I will keep the intro short: You ought to read and consider this brief excerpt from Derek Thomas’s commentary on Acts in which he shows how our expectations of pastors—and perhaps their expectations for themselves—are often far removed from God’s. If you’re in a huge hurry or have a microscopic attention span, skim right down to the second paragraph.
Paul preached Jesus. Had you spent a month in Thessalonica at the time of Paul’s visit, you could not have failed to appreciate what was central to all that he had to say: he preached, taught, and reasoned about Jesus Christ. His message was full of Christ. It was about his birth and life and death on the cross. Paul would have had to say something about who Jesus was as well as what he had done. It is possible that Paul saw and heard Jesus during those dramatic days in Jerusalem before he was crucified. Paul, or Saul as he was then known, was studying in Jerusalem under Rabbi Gamaliel at the time. But this remains only a possibility, and Paul himself never says anything that would confirm it. He had, however, seen the risen Jesus on the road to Damascus, over a decade and half in their past, and his life had been turned around completely. He had changed from a persecutor of Christ to a proclaimer of Christ. But it was not a message about himself, not even of his conversion: “For what we proclaim is not ourselves, but Jesus Christ as Lord, with ourselves as your servants for Jesus’ sake” (2 Cor. 4:5)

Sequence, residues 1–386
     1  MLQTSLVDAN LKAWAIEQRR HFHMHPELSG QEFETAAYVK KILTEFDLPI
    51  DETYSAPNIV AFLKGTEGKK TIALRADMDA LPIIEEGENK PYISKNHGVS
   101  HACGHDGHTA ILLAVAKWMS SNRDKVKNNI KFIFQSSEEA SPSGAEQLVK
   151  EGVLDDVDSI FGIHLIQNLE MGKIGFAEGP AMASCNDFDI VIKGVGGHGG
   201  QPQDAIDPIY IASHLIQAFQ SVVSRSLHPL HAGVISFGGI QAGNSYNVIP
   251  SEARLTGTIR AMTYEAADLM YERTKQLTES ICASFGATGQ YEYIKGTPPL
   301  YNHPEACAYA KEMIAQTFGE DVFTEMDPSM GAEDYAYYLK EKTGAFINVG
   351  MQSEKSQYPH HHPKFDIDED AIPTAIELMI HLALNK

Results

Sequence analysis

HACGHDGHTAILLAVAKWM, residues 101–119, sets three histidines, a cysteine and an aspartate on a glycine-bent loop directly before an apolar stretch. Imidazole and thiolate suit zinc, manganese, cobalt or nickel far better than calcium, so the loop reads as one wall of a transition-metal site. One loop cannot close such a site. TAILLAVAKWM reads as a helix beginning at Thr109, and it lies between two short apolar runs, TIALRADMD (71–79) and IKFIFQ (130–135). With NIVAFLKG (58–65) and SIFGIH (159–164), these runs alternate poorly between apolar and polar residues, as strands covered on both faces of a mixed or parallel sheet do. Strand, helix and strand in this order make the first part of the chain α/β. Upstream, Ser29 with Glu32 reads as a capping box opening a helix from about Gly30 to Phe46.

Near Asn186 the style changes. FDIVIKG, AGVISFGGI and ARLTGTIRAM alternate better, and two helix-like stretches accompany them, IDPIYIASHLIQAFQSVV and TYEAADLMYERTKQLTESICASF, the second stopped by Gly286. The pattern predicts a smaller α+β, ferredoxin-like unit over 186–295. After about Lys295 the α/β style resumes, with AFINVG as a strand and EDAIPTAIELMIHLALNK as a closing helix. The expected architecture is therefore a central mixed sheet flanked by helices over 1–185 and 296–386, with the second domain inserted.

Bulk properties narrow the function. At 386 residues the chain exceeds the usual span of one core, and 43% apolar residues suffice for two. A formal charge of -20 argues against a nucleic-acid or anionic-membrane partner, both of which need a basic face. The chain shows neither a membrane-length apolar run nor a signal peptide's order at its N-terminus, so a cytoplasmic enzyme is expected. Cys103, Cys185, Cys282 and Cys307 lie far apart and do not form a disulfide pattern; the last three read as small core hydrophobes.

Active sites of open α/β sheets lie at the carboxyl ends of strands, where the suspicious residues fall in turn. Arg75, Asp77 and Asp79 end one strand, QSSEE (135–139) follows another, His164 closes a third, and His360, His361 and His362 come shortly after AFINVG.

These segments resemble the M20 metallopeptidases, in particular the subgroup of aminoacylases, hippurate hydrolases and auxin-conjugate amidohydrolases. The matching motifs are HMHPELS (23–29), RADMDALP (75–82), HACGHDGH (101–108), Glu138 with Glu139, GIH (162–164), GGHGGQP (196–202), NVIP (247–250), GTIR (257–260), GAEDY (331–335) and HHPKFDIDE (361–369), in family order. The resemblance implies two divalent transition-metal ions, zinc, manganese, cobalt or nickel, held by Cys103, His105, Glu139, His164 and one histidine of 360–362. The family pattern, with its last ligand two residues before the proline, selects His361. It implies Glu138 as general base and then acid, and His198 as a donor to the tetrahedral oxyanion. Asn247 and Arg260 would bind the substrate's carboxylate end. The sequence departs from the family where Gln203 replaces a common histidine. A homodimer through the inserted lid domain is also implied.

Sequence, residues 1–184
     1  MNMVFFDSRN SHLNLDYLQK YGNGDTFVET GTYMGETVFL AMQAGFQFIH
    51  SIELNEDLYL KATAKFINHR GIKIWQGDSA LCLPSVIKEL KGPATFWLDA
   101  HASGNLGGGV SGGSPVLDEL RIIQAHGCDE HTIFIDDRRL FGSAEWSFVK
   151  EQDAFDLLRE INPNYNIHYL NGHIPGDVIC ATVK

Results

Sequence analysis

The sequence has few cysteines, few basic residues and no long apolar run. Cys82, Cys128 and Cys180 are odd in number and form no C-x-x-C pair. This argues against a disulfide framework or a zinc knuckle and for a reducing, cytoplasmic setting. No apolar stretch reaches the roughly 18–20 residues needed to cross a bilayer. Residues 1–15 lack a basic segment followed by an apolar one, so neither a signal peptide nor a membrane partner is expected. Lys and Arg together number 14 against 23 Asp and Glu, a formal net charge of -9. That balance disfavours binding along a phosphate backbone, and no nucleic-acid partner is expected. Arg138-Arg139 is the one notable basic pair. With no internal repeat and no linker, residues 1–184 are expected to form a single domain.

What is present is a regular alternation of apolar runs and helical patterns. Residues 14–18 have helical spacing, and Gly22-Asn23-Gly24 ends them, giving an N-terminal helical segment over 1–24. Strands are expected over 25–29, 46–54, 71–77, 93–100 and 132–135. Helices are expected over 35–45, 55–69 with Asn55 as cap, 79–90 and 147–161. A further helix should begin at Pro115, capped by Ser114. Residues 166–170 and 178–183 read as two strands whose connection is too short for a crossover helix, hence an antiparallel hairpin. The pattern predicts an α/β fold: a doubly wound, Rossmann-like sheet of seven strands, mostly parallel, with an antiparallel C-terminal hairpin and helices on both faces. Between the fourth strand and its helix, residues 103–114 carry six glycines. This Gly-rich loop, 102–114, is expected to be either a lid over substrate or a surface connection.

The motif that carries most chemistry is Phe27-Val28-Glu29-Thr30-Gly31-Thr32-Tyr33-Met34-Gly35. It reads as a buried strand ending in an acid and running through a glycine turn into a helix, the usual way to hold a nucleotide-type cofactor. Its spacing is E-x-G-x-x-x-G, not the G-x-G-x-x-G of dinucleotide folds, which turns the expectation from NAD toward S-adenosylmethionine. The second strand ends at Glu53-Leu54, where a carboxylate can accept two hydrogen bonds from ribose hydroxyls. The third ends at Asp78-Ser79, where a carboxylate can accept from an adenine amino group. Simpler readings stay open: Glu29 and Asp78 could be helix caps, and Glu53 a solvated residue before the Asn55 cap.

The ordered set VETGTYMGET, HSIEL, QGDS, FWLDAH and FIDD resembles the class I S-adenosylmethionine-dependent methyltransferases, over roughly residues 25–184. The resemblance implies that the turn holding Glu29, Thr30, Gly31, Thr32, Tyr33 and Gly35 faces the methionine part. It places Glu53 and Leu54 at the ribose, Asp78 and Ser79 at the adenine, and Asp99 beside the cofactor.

Churches seeking pastors often look for a variety of giftedness, much of it expressing personal charisma. A quick glance through “want ads” in the back of church denominational magazines will list such qualities as these: “innovative, progressive, change-initiating, team leader/builder, pastor-coach, people developer with strong organizational skills, someone who ‘can relate well to fast-track commuters’ and ‘design and build infrastructure, envision and create ministry delivery teams.’” Adding, perhaps, such characteristics as: “approachable, dynamic, catalytic, able to lead worship through drama, audiovisual technology, banners, dance, etc.” The equivalent advertisement in Paul’s day would have been looking for someone entirely different:
A lover of Jesus Christ;
Able to provide a reasonable apologetic
And refute error;
Prepared to go anywhere for the gospel,
Suffer any trial and pain,
Even to be beaten and imprisoned;
Ready to die for Jesus at a moment’s notice.
Once again we see that the ways of God are not the ways of men.